“You hear about people whose grandparents give you a dollar for every pound you lose?” Hazel asks. “For us it doesn't work because it's not motivating enough. Because the addiction is too powerful.”

Food Addicts Anonymous is a 12-step program patterned after Alcoholics Anonymous.

The problem, of course, is that food is inescapable. An alcoholic can give up drinking. But a food addict can't give up eating, at least not completely. Groups like FA try to reclaim control by banning certain foods outright.

Experts like Dr. Adi Jaffe, UCLA professor and executive director of Alternatives Addiction Treatment, believe the approach has its limitations. One problem is that the measure of what is “healthy” can vary greatly from person to person. “What worked for one individual could actually be risky and dangerous for a second individual,” Jaffe says.

Compounding that is the sponsor system itself. Most sponsors, Jaffe points out, are not trained nutritionists or psychologists. “Their advice relies on how they ended up finding their own path,” he says. It can be hit-or-miss finding a sponsor who can give the appropriate guidance.

Mostly, Jaffe takes issue with the entire concept of avoidance around which FA is based. FA's treatment plan, he notes, “can lead to anorexia or it can, and often will, lead to replacement behavior like over-consumption of alcohol or other drugs.”

He adds, “Never exposing oneself to sugar is a challenge, to say the least. You don't see people sticking to very hard-core diets for life.”

When Hazel joined FA, she was assigned a sponsor who checked in on the phone every day for 15 minutes. “Whenever I needed to negotiate for food, I'd ask her.”

At each meeting, the group recites its definition of abstinence: No flour. No sugar. Weighed and measured meals. No food in between. Water, tea or diet soda to drink.

Most everyone balks at the meal plan at first. “No flour, no sugar ever?” Hazel recalls asking. “What about my wedding cake? Well, I wasn't engaged. I didn't have a boyfriend. Being fat and depressed, I wasn't gonna get one!”

“I've been married twice, and I did not have cake at either wedding,” Morgan offers proudly.

Asked what replaces the pleasure of eating, Morgan laughs. “It better be good. It better be really good. You're talking about giving up any number of?…?” her voice drifts off. “There is a peace that comes over us,” she continues. “And a freedom. There is serenity.”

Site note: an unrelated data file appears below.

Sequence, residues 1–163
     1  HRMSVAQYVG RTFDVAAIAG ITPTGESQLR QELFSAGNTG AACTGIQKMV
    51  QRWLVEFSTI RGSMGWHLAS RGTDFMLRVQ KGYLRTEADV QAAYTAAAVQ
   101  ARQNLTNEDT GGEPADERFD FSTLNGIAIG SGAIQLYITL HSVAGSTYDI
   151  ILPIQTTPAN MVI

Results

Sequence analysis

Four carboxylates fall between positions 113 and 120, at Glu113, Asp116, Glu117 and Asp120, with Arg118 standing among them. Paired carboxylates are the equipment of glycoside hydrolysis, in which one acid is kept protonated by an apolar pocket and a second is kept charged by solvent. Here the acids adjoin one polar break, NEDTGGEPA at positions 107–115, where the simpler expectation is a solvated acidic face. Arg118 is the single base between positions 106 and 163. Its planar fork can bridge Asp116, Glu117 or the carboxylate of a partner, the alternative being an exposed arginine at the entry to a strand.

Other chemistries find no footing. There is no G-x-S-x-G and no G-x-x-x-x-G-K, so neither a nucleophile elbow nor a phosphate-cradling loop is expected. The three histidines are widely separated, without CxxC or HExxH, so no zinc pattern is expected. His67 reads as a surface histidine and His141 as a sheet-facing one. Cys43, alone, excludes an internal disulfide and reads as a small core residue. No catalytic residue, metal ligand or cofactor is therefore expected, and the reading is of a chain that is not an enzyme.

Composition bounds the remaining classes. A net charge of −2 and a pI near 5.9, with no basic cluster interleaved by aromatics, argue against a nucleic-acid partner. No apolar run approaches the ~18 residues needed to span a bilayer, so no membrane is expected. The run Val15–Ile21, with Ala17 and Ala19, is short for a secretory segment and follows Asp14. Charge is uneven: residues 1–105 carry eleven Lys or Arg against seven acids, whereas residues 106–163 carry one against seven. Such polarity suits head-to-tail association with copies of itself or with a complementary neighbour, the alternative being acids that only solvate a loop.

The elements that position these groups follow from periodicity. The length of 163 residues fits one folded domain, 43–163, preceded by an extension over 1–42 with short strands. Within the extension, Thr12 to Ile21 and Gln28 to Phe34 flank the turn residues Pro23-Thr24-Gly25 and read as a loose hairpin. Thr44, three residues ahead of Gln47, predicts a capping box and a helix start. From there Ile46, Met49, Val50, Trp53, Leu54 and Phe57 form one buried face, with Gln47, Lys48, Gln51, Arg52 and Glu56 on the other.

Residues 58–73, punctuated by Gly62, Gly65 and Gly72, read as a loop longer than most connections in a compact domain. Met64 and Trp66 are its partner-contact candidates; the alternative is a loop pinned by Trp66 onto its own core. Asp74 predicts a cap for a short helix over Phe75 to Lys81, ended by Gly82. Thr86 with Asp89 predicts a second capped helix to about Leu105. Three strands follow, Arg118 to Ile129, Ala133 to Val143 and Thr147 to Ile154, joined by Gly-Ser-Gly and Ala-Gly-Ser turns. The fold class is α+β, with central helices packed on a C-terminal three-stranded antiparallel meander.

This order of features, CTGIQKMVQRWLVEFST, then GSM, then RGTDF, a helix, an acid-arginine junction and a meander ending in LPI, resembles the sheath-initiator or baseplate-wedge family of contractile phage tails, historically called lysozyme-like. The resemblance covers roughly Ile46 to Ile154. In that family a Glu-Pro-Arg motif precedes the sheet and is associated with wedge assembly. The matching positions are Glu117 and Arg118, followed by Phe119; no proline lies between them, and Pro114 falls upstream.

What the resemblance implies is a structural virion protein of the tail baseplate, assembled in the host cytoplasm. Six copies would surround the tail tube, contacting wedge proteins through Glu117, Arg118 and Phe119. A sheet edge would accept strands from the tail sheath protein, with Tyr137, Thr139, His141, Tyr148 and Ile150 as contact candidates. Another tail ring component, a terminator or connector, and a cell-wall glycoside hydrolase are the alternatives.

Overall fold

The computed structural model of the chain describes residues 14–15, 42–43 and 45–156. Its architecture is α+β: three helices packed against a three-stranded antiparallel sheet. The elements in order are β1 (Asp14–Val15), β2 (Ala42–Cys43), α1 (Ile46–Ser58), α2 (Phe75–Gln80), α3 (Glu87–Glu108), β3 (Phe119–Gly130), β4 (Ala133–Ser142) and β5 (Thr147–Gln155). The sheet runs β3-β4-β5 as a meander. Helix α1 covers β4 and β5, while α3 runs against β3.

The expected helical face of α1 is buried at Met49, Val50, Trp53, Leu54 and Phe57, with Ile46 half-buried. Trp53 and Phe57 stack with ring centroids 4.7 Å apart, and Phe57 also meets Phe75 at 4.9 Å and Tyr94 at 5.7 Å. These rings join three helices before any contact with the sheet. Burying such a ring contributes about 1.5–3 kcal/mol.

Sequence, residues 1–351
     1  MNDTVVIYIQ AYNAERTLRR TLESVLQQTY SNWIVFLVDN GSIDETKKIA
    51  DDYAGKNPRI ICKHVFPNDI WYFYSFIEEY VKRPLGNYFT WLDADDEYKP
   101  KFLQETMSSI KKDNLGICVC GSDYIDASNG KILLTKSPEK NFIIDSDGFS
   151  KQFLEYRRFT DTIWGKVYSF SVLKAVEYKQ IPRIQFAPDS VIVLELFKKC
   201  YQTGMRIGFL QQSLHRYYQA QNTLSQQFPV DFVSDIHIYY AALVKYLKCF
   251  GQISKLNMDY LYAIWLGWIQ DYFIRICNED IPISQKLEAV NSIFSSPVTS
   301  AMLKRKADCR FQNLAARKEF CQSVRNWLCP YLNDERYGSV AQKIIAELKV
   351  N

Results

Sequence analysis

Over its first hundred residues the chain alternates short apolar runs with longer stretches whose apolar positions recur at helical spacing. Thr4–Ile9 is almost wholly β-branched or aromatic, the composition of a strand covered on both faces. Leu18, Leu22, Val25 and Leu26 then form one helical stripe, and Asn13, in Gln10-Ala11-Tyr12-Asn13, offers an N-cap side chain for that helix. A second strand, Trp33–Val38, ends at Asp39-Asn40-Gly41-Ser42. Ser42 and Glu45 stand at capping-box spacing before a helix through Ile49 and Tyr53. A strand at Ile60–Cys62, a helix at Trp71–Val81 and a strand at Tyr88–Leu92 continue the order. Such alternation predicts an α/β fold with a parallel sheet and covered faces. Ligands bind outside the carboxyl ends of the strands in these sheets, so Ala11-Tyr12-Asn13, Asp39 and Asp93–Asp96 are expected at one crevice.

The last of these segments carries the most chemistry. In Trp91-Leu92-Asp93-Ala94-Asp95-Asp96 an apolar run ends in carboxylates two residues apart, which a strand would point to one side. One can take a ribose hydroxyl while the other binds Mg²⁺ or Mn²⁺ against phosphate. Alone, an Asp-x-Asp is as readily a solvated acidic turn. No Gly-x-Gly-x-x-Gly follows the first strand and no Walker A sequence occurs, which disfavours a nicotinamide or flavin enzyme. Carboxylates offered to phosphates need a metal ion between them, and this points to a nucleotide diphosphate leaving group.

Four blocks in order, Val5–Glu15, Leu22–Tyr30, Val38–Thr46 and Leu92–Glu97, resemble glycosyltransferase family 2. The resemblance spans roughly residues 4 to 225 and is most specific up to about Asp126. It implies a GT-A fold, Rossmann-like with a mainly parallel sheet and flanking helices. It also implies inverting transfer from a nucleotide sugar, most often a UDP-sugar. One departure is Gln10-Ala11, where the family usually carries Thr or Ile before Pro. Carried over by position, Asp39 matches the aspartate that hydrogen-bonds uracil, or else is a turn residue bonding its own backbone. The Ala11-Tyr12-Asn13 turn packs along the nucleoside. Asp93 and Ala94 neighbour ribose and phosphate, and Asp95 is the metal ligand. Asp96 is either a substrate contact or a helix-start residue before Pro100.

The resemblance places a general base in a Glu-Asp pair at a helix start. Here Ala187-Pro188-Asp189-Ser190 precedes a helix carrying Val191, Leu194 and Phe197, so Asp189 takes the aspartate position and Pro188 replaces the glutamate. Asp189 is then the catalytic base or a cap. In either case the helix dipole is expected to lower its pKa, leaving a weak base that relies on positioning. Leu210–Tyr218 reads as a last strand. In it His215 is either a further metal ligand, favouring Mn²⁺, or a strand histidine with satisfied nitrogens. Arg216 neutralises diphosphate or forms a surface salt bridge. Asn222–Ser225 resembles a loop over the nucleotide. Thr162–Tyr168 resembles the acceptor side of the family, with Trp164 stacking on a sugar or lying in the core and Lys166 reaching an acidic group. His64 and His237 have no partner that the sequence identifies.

Recovery happens slowly, they say. When people are new in the program, there is an intense focus on food. And then, it shifts. Hazel is happy to have finally achieved neutrality around food. “I came in and looked for you,” not the desserts at the cafe, she says to Morgan. “I have a life full of relationships today. I'm not really noticing the pastries, wondering, 'What does that taste like?'?”

In addition to eschewing sugar and flour, the food addicts try to avoid individual binge foods. These are foods that are technically allowed in the program that are “a little too exciting.” “Maybe a fruit that's too sweet,” Morgan explains. “Certain foods might light us up a bit too much.”

For her, it was eggs. “It was weird. I'd had a few years of abstinence at the time. I would make eggs over easy or poached. And literally I felt like I could taste the way that my parents used to make them. It was always an egg sandwich. And I would think about the bread!” she says, eyes aglow now. “I was like, you're kidding me! This is lame. All I could think about was this damned toast!”

She'd eat eggs in the morning and five hours later they'd be flashing through her mind. She called her sponsor. “Maybe you could let it go?” the sponsor suggested.

So she did. She surrendered the eggs to the universe. They have not reminded her of toast since.

Gendy Alimurung on Twitter:

Public Spectacle, L.A. Weekly's arts & culture blog, on Facebook and Twitter:

Advertising disclosure: We may receive compensation for some of the links in our stories. Thank you for supporting LA Weekly and our advertisers.